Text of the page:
In higher education, we have two goals towards which we must
strive. First, we must be able to answer Mr. Lytle’s questions for
ourselves so that we can answer without thought or hesitation: “This is who I am!”, “These are my people!”, and “This is me!”. Then, we have to answer to the most difficult challenge: coaxing, convincing, and with just a little bit of forcing those whom we teach to be able to answer those sorts of questions for themselves with the same sort of verve and elan that we expect of ourselves.

We’re back

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So, I’m back in the blogging business…

For about 10 years, my web site and blog were hosted by a small web hosting provider based in Germany. They always came across as being a bit dodgy but kept their servers running, provided me the base service I needed, and generally stayed out of the way.

Well, finally the excrement hit the oscillating device and we had a bit of a tiff over billing; they charged my card the annual renewal, turned off my access, and tried to screw me out of the refund. Sadly, it ended up with the overseas outfit locking down my old domain and refusing to provide me the transfer code.

At this point, I’ve now switched over to the one of the large web-hosting providers and moved over enough of my content to get back on my feet. I’m still restoring content from my old blog and well be adding stuff over time. In the meantime, enjoy!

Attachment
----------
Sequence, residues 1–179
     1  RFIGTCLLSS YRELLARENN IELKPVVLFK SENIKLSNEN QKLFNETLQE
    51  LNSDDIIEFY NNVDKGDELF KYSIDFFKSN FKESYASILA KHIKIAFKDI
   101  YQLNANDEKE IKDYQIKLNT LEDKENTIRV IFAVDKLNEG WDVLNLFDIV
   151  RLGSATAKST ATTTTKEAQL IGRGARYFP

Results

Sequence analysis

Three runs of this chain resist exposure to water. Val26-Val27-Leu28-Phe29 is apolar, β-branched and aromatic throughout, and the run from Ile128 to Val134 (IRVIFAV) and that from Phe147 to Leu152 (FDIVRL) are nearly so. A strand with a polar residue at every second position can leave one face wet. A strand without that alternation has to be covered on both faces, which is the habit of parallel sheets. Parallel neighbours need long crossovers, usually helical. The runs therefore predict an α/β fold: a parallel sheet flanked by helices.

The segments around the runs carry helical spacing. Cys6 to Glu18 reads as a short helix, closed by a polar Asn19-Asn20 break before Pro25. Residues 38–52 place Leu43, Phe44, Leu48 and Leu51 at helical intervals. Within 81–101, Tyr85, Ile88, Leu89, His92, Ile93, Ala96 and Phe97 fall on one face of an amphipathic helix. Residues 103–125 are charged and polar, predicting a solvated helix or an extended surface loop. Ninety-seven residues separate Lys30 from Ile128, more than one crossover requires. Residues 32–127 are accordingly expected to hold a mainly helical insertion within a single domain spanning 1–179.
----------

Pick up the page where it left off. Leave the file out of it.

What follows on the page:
Selah.

Computing like it’s 1999

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One of my recent “science fair” projects has been trying to get an older ASUS EeePC 900A netbook configured to a usable state. This was one of the first really practical netbooks with a 1st generation Intel ATOM processor with 1GB of Memory and one of very first practical SSD cards for file storage with 4GB of space. Not the most capable of machines from a hardware standpoint. ASUS shipped the machine with a rather hacked-up lightweight Linux distro. Sadly, the distribution they selected wasn’t one of the mainstream distributions like Debian, Ubuntu, or Fedora. This meant that you didn’t have access to a lot of the stuff that you need to work in an academic environment like my workplace. So, you say “Big deal, just install the NetBook Remix of Ubuntu?” It’s the problem of “Linux… just too darn fat” raising it’s ugly head again. Even the netbook oriented repackages of Ubuntu or Fedora assume a much more capable machine than what the 900A can handle.